HealthDay News — For heavily pretreated patients with relapsed/refractory (R/R) non-Hodgkin lymphoma (NHL) or Hodgkin lymphoma (HL), response rates are high for treatment subsequent to checkpoint blockade therapy (CBT), according to 2 studies presented at the annual meeting of the American Society of Hematology, held from December 1 to 4 in San Diego.

Nicole A. Carreau, MD, from NYU Langone Health in New York City, and colleagues examined the outcome of subsequent treatment in 42 patients with R/R NHL who received CBT. Post-CBT treatment included standard chemotherapy, targeted therapy, and clinical trial drugs (55.0, 22.5, and 22.5%, respectively). The researchers found that the overall response rate to post-CBT treatment was 52.5%; 30 and 22.5% of patients had complete response (CR) and partial response (PR), respectively; 12.5 and 35.0% of patients had stable disease (SD) and progression of disease, respectively. Thirteen patients died, and 9 patients have not progressed on subsequent therapy.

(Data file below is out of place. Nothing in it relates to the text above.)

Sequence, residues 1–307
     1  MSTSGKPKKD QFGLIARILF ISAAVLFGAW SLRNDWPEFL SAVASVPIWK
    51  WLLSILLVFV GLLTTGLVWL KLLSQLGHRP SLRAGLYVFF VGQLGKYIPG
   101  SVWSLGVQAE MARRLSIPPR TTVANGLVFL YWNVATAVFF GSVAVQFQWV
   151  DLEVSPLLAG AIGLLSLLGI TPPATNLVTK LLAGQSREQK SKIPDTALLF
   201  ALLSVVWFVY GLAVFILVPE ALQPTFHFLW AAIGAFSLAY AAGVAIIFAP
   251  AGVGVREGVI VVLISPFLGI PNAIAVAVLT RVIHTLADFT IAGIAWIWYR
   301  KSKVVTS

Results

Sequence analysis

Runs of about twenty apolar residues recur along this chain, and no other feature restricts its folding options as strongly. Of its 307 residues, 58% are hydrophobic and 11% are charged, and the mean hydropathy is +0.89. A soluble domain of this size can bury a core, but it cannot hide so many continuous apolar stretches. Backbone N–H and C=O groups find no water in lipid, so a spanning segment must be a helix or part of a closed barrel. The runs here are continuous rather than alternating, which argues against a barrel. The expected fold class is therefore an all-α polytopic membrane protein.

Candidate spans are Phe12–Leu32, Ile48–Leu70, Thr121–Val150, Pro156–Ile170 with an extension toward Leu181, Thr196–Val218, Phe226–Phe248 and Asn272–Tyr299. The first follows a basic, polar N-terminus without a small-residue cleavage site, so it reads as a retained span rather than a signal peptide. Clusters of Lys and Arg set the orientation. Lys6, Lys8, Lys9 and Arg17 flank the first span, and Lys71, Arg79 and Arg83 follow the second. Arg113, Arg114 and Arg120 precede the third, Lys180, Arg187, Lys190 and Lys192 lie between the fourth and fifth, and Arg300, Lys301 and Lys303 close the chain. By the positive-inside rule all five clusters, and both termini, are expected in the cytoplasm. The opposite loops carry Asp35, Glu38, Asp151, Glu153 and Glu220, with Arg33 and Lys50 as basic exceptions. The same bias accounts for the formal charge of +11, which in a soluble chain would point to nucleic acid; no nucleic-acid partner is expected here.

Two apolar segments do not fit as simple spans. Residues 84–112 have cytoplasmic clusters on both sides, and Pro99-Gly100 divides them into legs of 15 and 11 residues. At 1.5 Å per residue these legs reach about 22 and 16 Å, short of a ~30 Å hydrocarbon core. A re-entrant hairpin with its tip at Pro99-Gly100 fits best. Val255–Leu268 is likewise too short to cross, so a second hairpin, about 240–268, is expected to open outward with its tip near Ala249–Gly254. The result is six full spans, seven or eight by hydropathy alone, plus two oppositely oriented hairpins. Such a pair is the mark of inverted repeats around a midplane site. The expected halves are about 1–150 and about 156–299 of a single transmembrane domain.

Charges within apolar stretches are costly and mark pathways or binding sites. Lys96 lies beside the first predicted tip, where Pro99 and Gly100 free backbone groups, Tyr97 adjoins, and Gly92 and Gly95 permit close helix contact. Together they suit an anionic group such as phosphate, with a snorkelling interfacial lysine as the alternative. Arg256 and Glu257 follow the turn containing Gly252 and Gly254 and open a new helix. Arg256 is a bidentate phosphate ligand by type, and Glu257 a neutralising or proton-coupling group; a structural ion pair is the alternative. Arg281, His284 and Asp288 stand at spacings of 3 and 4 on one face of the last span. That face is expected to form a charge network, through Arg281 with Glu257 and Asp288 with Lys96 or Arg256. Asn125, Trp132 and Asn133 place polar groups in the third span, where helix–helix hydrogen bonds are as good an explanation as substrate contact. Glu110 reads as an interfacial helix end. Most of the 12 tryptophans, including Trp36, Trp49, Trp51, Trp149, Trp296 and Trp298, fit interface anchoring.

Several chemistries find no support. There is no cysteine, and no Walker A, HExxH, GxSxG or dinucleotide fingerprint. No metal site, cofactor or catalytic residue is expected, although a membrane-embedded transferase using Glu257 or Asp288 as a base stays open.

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In a second study, Carreau and colleagues examined the results for 77 HL patients who received a subsequent line of therapy after CBT. Fifty of these patients met the inclusion criteria. Post-CBT regimens included standard chemotherapy, targeted therapy, conditioning regimens for stem cell transplant, other immunotherapy, or clinical trial drugs (46, 22, 16, 4, and 12%, respectively). For all patients, the objective response rate to post-CBT treatment was 52%: 34 and 18% had CR and PR, respectively. Sixteen percent of patients achieved SD, and 32% progressed.

“These are very high success rates for post-checkpoint blockade therapy, especially in patients for whom several drug therapies have failed, including the same or similar drugs used again after checkpoint therapy,” a coauthor said in a statement.

Several authors from the studies disclosed financial ties to the biopharmaceutical industry.

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